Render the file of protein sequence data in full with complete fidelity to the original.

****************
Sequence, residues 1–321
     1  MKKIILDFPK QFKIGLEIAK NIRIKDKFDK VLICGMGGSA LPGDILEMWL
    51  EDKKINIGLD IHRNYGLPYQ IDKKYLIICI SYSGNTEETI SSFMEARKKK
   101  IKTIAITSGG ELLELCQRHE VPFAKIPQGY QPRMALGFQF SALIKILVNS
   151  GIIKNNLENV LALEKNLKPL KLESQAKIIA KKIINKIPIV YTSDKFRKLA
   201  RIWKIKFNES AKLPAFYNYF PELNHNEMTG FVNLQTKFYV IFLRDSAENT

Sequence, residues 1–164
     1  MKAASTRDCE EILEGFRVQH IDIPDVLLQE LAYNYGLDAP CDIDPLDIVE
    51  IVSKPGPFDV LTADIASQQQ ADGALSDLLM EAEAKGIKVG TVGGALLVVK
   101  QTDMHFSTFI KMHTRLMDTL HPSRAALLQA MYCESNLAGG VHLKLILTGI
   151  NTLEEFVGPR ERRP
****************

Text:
Sequence, residues 1–321
     1  MKKIILDFPK QFKIGLEIAK NIRIKDKFDK VLICGMGGSA LPGDILEMWL
    51  EDKKINIGLD IHRNYGLPYQ IDKKYLIICI SYSGNTEETI SSFMEARKKK
   101  IKTIAITSGG ELLELCQRHE VPFAKIPQGY QPRMALGFQF SALIKILVNS
   151  GIIKNNLENV LALEKNLKPL KLESQAKIIA KKIINKIPIV YTSDKFRKLA
   201  RIWKIKFNES AKLPAFYNYF PELNHNEMTG FVNLQTKFYV IFLRDSAENT

Sequence, residues 1–164
     1  MKAASTRDCE EILEGFRVQH IDIPDVLLQE LAYNYGLDAP CDIDPLDIVE
    51  IVSKPGPFDV LTADIASQQQ ADGALSDLLM EAEAKGIKVG TVGGALLVVK
   101  QTDMHFSTFI KMHTRLMDTL HPSRAALLQA MYCESNLAGG VHLKLILTGI
   151  NTLEEFVGPR ERRP